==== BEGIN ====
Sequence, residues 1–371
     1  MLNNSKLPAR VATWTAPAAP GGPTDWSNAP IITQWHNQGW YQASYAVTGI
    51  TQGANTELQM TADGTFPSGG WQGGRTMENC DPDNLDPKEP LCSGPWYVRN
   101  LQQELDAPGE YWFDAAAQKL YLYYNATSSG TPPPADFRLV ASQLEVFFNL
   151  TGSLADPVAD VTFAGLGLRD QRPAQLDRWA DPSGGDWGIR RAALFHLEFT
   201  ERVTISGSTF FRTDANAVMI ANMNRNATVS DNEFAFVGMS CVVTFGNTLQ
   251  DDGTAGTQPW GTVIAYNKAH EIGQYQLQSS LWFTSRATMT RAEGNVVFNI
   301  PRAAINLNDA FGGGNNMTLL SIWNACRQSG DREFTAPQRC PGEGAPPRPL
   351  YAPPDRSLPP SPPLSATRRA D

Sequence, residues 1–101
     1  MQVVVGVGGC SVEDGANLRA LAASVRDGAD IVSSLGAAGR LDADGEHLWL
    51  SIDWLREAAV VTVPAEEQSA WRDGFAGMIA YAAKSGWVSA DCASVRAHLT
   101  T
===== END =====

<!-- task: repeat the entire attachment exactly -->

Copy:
Sequence, residues 1–371
     1  MLNNSKLPAR VATWTAPAAP GGPTDWSNAP IITQWHNQGW YQASYAVTGI
    51  TQGANTELQM TADGTFPSGG WQGGRTMENC DPDNLDPKEP LCSGPWYVRN
   101  LQQELDAPGE YWFDAAAQKL YLYYNATSSG TPPPADFRLV ASQLEVFFNL
   151  TGSLADPVAD VTFAGLGLRD QRPAQLDRWA DPSGGDWGIR RAALFHLEFT
   201  ERVTISGSTF FRTDANAVMI ANMNRNATVS DNEFAFVGMS CVVTFGNTLQ
   251  DDGTAGTQPW GTVIAYNKAH EIGQYQLQSS LWFTSRATMT RAEGNVVFNI
   301  PRAAINLNDA FGGGNNMTLL SIWNACRQSG DREFTAPQRC PGEGAPPRPL
   351  YAPPDRSLPP SPPLSATRRA D

Sequence, residues 1–101
     1  MQVVVGVGGC SVEDGANLRA LAASVRDGAD IVSSLGAAGR LDADGEHLWL
    51  SIDWLREAAV VTVPAEEQSA WRDGFAGMIA YAAKSGWVSA DCASVRAHLT
   101  T